If you haven't seen the movie Chef (2014), you should. I'd even encourage you to stop reading this and watch the movie first: not because I'm going to drop spoilers, but because you'll be better able to appreciate it. Then again, maybe you're undecided about whether the film is really worth your time, in which case, keep reading. I hope to convince you that it is.
Jon Favreau plays Carl Caspar, a chef who quits his job at a well-to-do LA restaurant after a heated exchange with its owner. Desperate to make ends meet without sacrificing his creative integrity, Caspar starts a food truck. The rest is movie history.
With smart and frequently hilarious writing, a snazzy soundtrack, and a talented cast (special hat tip to John Leguizamo as Caspar's buddy Martin), the fun factor is already high with this one. But since I can never leave well enough alone, allow me, if only for a few paragraphs, to wax ineloquently about one of the things that put Chef a step above mere entertainment for me.
Throughout the film as dish after dish is prepared and served onscreen, from Pork Cubanos to Pasta Oglio e Olio, I'm reminded of a very sane yet simple truth: food is amazing. I see the color, the variety, the abundance, the divinely-bestowed creativity of the chef's mind, and I see that God cares for this world. Maybe this truth doesn't blow our minds on a daily basis, but it should. The mighty Creator and Sustainer of all that is, or was, or shall be - this same God cares for the dirt, the seed, the fruit, and the table. Gnosticism be damned to everlasting hell. (If you're Baptist, can I get an amen?)
I remember reading H.G. Wells' The War of the Worlds as a boy and feeling both intrigued and disgusted by the fact that the Martians don't really eat meals; they suck up blood through tubes. From a utilitarian perspective, this “food as fuel and nothing more” approach makes a great deal of sense. Frankly, though, God's world is a utilitarian's nightmare. Of what practical use is a sunset or the sound of a child's laughter? He made them anyway. He also gave pepper its bite and honey its sweetness. He made fruits and vegetables and meats with enough variety to keep your head spinning in perpetuity. He went overboard, bonkers, full prodigal - and He gave you the taste buds with which to experience that prodigality.
You know what else? He saw that it was good.
It's been my longstanding belief that American Christianity suffers from a woefully inadequate - dare I say malnourished? - view of the beauty of the table. By and large our understanding of food manages to be idolatrous and cheap in equal measure. It needs correcting. With that goal in mind, let us turn to one of my favorite writers on the subject: Robert Farrar Capon. He's a gem. Just wait and see.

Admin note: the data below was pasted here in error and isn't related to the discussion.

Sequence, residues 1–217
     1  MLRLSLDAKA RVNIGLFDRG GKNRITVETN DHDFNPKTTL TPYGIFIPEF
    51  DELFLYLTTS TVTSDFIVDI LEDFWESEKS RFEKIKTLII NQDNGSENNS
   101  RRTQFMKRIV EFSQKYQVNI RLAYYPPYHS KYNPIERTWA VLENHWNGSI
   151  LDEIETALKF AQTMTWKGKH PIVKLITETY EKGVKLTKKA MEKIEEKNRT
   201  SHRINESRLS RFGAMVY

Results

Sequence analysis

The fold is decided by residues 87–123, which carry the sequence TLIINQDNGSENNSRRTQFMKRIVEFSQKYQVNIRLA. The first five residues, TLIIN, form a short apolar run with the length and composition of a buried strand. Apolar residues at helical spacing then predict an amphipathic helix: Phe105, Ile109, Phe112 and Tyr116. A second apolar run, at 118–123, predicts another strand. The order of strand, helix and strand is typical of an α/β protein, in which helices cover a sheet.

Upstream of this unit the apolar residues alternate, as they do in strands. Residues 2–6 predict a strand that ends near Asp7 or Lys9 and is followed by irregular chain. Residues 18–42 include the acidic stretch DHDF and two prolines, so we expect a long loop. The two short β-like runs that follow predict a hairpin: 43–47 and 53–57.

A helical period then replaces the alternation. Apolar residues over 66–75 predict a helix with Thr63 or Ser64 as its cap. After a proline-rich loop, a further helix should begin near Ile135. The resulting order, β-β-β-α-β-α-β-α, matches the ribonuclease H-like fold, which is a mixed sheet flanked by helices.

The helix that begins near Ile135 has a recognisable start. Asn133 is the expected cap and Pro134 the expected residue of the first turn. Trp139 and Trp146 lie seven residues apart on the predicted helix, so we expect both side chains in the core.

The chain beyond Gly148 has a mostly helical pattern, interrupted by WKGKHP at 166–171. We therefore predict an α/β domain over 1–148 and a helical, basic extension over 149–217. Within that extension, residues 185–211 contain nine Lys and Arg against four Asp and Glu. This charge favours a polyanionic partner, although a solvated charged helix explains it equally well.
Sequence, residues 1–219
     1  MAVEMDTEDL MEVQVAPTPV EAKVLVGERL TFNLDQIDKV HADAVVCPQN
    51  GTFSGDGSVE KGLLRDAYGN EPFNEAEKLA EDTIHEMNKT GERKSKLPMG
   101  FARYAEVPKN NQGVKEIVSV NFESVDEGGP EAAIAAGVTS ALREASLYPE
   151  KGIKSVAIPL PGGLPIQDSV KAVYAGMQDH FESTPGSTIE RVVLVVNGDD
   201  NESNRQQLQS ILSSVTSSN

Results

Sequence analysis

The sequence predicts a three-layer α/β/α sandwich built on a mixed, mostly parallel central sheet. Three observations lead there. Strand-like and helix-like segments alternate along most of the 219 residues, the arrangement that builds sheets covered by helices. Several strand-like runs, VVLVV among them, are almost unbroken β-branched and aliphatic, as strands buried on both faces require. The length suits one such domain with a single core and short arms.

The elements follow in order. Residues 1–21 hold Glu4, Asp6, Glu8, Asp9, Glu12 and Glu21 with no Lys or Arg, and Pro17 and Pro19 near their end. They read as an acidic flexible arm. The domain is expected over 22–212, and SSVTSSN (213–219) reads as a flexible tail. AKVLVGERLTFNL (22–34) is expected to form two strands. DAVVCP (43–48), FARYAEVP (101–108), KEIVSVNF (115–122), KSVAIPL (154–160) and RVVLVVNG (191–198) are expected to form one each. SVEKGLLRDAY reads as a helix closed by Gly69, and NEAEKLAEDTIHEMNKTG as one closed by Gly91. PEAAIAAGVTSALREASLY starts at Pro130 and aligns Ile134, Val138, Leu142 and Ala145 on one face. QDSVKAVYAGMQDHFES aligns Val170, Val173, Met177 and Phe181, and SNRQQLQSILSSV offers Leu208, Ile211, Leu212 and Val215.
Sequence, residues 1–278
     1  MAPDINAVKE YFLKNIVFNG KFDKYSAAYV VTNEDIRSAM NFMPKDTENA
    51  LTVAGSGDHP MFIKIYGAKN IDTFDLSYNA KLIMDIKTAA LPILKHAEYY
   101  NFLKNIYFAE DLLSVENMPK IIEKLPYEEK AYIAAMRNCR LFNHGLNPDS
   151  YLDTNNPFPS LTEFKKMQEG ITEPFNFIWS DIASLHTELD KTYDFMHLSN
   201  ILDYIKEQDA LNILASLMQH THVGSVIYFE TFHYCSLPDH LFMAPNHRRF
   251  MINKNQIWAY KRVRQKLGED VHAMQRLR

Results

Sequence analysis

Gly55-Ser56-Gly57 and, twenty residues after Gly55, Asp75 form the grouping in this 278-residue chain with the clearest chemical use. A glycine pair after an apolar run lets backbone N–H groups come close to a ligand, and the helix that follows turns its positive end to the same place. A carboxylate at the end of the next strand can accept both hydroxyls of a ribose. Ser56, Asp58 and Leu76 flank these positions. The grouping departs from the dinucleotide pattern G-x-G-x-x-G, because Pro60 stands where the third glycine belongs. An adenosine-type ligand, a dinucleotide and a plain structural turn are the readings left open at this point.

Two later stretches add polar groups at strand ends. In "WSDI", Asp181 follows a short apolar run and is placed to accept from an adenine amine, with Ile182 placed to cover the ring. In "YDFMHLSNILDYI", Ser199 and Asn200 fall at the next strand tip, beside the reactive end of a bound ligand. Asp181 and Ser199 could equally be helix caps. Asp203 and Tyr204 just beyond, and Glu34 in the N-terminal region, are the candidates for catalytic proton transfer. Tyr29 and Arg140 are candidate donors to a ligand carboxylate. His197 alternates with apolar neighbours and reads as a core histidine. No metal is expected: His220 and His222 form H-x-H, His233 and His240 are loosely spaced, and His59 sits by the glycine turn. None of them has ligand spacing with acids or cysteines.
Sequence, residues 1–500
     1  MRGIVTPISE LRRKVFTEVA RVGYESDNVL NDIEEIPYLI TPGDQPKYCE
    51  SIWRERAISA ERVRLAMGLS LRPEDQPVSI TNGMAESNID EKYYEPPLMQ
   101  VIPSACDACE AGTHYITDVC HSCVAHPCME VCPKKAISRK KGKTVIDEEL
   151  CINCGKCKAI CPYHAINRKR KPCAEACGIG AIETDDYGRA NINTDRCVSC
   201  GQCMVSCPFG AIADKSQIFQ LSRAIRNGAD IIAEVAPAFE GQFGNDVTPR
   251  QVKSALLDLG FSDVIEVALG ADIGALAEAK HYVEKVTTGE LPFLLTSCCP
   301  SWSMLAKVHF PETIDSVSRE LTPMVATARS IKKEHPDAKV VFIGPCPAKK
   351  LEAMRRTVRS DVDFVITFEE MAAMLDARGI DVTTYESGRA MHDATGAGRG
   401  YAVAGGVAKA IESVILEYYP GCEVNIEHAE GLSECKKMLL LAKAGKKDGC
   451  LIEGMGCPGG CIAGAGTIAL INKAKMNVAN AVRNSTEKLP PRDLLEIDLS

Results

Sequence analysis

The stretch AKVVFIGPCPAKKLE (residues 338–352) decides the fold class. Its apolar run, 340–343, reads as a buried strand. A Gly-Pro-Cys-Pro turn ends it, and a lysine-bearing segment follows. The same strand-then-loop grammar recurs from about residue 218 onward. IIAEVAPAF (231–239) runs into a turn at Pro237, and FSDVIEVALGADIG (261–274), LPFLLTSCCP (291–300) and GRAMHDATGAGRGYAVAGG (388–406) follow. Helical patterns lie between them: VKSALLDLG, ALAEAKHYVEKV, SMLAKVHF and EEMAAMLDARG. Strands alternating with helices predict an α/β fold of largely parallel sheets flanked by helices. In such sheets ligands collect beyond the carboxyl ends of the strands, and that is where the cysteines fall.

In The Supper of the Lamb (which ought to be on your required reading list), Capon contends thusly:
Man invented cooking before he thought of nutrition. To be sure, food keeps us alive, but that is only its smallest and most temporary work. Its eternal purpose is to furnish our sensibilities against the day when we shall sit down at the heavenly banquet and see how gracious the Lord is. Nourishment is necessary only for a while; what we shall need forever is taste. (p. 40)
And again, just one page later:
Food is the daily sacrament of unnecessary goodness, ordained for a continual remembrance that the world will always be more delicious than it is useful. Necessity is the mother only of cliches. It takes playfulness to make poetry. (p. 41)
And finally, in a paragraph Chesterton himself would be proud of:
In a general way, we concede that God made the world out of joy: He didn’t need it. He just thought it was a good thing. But if you confine His activity in creation to the beginning only, you lose most of the joy in the subsequent shuffle of history. Sure, it was good back then, you say, but since then, we’ve been eating leftovers. How much better a world it becomes when you see Him creating at all times and at every time; when you see that the preserving of the old in being is just as much creation as the bringing of the new out of nothing. Each thing, at every moment, becomes the delight of His hand, the apple of His eye. The bloom of yeast lies upon the grape skins year after year because He likes it; C6H12O6=2C2H5OH+2CO2 is a dependable process because, every September, He says, That was nice; do it again. (p. 85)
Go watch Chef. Then sit down with a copy of Capon's book. Wine and cheese pair admirably with both.